Slants of Light

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I stood on the grass with the lights in it, grass that was wholly fire, utterly focused and utterly dreamed.  It was less like seeing than like being for the first time seen, knocked breathless by a powerful glance.  The lights of the fire abated, but I’m still spending the power.  Gradually the lights went out in the cedar, the colors died, the cells unflamed and disappeared.  I was still ringing.  I had my whole life been a bell, and never knew it until at that moment I was lifted and struck.
~Annie Dillard from Pilgrim at Tinker Creek

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I like the slants of light; I’m a collector. That’s a good one, I say…
~Annie Dillard from Pilgrim at Tinker Creek

 

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Ever since reading about the “The Tree of Lights” in Pilgrim at Tinker Creek in 1975, I’ve been keeping a look-out  for special slants of light. Like Dillard, I want to be “lifted and struck”, to resonate in a new awareness, no longer blinded, to see everything in a sharper focus.

It can happen unexpectedly.  The first time was in an art class in 1980.  My artistic ability was limited to stick figures so a doctor friend and I decided to take her high school art teacher husband’s evening “Drawing from the Right Side of the Brain” class at Lakeside School in Seattle.  Robert Fulghum was an unorthodox teacher—not just an artist, but a Unitarian pastor, a story teller, and a musician.  He was, in his entertaining and inimitable way,  able to teach us how to look at the world in terms of shadow and light, solid and air, space and density, patterns and plain.  He put a drawing of an old cowboy boot, hung upside down in front of the class, and asked us to draw it that way.  We were not to think “boot”, but to think of it as lines and shadow, empty space and full shape,  dark against light.

I drew by focusing on the small detail rather than my expectation creating a recognizable “whole”.  At the end of class, Fulghum asked us to turn our drawing right side up, and as I turned the paper around, I was astonished that I had created a distinctly recognizable cowboy boot, my first real drawing.  It stayed on my refrigerator for four years.  I was so proud that I had been taught a new way to “see”.

Not long after, Fulghum wrote a little meditation on what he had learned in kindergarten for his church’s weekly Sunday bulletin.  That bulletin somehow found its way to the desk of Washington State Senator Dan Evans, who read it into the Congressional Record.  From there it was reprinted, passed around and eventually made it home in the school backpack of a publishing editor’s son.  That mother, going over the school papers, sat down to read “All I Need to Know, I Learned in Kindergarten” by Robert Fulghum and set out, in pre-Internet days, to track down the author — not an easy task.  He soon received a call from her, and the first thing she asked was “do you have anything else like this you’ve written?”   The answer was an emphatic “yes” from a pastor with years of sermons and church bulletins in his files.  His first book of collected essays was published a year later.   His life was never the same, turned upside down just like his flipped cowboy boot drawing.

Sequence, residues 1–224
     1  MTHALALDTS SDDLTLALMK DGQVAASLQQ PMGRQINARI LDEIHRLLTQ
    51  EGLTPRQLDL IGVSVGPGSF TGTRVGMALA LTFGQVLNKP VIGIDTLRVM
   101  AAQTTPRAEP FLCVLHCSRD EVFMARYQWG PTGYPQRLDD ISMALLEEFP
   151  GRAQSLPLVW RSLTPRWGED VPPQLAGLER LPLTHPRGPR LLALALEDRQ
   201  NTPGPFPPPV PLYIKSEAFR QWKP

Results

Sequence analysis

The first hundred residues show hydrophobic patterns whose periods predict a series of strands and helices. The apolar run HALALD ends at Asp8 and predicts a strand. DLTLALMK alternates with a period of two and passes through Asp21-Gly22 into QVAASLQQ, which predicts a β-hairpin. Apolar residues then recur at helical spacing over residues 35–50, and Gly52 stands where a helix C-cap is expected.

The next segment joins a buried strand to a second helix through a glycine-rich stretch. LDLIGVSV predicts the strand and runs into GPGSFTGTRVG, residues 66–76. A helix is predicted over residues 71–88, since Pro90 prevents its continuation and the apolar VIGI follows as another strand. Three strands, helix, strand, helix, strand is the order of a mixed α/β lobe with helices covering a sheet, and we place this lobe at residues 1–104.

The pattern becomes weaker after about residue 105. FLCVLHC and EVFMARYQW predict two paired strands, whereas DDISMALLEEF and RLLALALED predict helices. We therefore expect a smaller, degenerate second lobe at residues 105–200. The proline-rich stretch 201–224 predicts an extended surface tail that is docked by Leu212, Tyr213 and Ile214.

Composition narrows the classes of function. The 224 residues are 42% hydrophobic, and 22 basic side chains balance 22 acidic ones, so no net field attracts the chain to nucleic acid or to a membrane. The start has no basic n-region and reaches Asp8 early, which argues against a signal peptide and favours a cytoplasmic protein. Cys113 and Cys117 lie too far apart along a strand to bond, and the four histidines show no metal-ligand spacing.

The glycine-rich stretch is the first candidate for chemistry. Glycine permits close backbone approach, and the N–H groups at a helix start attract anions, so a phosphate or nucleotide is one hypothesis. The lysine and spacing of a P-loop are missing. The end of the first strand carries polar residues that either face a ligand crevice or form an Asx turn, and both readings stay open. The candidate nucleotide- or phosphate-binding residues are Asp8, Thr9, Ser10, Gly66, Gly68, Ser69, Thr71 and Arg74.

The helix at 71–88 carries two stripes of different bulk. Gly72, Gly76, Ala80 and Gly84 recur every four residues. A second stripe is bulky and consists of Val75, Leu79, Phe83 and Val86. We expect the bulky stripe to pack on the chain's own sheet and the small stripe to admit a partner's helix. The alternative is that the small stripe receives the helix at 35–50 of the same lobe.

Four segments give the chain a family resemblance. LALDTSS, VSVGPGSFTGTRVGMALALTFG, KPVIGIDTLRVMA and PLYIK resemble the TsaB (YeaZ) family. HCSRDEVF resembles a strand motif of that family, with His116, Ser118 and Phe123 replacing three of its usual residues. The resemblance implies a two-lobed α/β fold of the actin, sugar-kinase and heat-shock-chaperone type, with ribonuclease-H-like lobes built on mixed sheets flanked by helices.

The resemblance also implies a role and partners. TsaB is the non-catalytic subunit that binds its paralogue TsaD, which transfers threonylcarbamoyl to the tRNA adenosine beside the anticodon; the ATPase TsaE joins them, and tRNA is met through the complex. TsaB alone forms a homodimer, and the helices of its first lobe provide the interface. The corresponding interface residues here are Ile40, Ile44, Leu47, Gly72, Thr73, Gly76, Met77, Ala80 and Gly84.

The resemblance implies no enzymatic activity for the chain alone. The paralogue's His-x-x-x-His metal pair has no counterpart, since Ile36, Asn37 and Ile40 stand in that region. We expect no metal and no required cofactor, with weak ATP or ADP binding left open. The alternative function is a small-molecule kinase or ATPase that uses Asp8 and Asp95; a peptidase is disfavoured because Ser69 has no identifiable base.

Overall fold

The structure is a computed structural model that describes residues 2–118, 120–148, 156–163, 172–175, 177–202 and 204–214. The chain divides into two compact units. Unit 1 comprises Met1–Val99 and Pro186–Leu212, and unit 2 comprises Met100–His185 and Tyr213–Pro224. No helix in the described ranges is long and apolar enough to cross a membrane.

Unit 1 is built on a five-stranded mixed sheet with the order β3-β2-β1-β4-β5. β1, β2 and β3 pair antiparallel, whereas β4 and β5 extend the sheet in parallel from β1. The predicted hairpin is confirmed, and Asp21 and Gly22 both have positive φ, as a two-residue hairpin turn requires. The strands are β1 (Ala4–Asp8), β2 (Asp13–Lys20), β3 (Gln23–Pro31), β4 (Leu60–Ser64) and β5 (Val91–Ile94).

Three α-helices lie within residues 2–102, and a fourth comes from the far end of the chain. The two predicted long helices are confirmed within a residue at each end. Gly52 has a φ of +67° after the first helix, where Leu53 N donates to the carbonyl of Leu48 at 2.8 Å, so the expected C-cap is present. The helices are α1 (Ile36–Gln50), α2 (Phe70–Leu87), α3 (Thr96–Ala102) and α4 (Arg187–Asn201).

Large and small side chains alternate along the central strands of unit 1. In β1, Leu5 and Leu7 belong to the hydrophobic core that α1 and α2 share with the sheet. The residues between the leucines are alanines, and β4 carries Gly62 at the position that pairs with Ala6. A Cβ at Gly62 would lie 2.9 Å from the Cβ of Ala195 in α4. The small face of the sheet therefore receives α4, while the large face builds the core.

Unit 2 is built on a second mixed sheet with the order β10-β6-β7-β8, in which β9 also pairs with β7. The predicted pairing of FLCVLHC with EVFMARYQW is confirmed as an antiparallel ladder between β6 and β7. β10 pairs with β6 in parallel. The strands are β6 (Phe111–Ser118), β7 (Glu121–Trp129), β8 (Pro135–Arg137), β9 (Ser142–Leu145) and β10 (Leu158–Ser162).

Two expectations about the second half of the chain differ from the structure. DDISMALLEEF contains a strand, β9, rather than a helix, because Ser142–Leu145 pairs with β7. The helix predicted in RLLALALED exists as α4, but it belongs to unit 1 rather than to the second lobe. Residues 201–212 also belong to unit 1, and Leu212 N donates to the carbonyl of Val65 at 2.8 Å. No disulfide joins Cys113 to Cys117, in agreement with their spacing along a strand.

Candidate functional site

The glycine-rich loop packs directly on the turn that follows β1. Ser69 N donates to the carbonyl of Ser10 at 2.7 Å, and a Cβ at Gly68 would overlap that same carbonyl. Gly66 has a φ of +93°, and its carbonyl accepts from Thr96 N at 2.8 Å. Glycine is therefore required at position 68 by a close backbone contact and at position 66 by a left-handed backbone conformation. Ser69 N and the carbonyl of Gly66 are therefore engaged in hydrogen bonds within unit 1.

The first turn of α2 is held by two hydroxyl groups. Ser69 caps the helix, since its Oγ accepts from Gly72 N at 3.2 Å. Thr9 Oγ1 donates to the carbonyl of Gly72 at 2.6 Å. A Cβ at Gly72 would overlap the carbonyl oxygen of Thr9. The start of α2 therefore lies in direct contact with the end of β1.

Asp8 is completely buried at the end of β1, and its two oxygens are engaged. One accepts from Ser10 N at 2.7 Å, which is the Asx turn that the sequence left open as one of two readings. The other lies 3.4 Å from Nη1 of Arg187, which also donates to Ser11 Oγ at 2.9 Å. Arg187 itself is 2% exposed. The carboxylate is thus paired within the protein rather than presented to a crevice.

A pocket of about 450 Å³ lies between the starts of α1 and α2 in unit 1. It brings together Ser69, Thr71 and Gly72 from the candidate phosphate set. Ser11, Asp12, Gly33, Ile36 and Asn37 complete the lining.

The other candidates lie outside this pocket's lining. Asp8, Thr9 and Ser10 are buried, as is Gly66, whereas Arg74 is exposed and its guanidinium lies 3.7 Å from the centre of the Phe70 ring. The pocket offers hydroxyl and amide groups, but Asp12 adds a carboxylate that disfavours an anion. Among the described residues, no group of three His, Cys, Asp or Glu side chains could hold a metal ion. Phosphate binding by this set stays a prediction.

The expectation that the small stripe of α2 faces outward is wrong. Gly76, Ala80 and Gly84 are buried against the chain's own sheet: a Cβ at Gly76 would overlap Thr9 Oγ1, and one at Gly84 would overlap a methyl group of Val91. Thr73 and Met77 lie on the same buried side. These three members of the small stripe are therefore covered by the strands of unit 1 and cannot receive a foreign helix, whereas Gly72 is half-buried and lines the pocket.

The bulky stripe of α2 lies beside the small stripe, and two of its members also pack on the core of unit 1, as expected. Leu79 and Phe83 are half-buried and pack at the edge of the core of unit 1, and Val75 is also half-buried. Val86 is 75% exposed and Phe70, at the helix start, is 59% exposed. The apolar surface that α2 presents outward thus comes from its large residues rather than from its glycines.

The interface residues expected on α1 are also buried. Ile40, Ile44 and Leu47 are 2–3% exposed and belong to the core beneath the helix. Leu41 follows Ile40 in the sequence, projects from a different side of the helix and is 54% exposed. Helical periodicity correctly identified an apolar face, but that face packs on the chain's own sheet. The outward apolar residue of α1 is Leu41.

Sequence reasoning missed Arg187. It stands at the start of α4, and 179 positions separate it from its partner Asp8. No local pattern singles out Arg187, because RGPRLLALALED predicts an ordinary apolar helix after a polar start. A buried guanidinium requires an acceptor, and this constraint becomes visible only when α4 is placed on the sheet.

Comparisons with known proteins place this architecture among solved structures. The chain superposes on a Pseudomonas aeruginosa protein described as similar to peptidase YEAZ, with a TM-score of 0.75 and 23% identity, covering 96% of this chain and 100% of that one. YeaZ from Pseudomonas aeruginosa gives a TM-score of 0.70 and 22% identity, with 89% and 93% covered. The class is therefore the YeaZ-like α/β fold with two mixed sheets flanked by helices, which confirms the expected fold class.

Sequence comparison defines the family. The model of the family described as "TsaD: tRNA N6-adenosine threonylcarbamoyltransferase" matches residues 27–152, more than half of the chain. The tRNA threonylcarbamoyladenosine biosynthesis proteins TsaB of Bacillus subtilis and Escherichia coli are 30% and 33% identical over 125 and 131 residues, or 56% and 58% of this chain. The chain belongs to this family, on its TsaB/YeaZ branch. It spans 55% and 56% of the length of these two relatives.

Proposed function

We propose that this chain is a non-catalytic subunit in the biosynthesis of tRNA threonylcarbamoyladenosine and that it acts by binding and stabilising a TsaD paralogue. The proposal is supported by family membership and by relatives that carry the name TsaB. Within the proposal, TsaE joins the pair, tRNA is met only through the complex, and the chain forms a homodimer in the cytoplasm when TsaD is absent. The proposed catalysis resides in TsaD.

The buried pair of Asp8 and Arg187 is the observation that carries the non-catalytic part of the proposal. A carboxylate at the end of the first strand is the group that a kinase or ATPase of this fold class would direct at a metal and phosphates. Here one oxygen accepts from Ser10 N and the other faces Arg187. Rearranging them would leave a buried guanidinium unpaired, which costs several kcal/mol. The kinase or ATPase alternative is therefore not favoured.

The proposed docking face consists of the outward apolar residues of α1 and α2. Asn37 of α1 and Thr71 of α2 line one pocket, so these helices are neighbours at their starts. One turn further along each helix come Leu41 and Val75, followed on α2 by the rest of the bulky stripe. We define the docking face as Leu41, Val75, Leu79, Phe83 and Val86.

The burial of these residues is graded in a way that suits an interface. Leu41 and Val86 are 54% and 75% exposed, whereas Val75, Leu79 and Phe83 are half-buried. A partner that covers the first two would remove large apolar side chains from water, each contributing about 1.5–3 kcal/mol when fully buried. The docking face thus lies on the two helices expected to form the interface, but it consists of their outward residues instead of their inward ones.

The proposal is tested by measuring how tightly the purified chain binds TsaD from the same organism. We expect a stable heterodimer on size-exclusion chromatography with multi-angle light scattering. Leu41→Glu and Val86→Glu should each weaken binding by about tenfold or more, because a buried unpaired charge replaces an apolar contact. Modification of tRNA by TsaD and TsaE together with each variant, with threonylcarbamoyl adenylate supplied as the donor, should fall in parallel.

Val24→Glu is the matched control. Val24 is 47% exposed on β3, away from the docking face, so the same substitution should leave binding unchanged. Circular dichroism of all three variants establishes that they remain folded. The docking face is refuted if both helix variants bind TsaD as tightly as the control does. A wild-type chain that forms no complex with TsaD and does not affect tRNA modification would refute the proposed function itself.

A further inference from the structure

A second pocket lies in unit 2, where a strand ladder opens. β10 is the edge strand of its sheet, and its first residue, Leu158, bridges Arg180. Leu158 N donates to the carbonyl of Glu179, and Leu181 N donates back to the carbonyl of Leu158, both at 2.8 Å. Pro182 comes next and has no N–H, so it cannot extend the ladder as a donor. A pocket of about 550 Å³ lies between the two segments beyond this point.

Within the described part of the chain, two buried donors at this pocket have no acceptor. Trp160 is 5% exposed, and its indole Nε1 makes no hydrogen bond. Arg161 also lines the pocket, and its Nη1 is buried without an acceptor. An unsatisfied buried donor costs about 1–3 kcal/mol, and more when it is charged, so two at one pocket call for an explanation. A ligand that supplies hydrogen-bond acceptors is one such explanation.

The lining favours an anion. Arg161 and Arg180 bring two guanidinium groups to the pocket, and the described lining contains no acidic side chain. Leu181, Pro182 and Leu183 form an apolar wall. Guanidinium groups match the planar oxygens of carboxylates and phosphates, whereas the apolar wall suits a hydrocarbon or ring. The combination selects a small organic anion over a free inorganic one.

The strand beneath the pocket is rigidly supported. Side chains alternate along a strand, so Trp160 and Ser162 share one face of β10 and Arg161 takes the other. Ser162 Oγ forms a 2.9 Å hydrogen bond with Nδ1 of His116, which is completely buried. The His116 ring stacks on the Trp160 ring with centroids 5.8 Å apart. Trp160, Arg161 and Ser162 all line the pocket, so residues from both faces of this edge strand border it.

I keep looking to collect a new “slant of light” but they are elusive because I’m blinded to them most of the time.

Maybe, just maybe,  I could see more clearly with the world upside down…

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2 thoughts on “Slants of Light

  1. There was a time I wished to be an art teacher, too, and studied for it. One of my favorite lessons was the “contour drawing.” A simple outline sketch drawn without ever lifting the pen or pencil from the paper, all the while looking only at the subject, never at the drawing until the very end. The result is often a delightful, intuitive, one minute cariciature that could not have been accomplished by any other means or method. Quite surprising!

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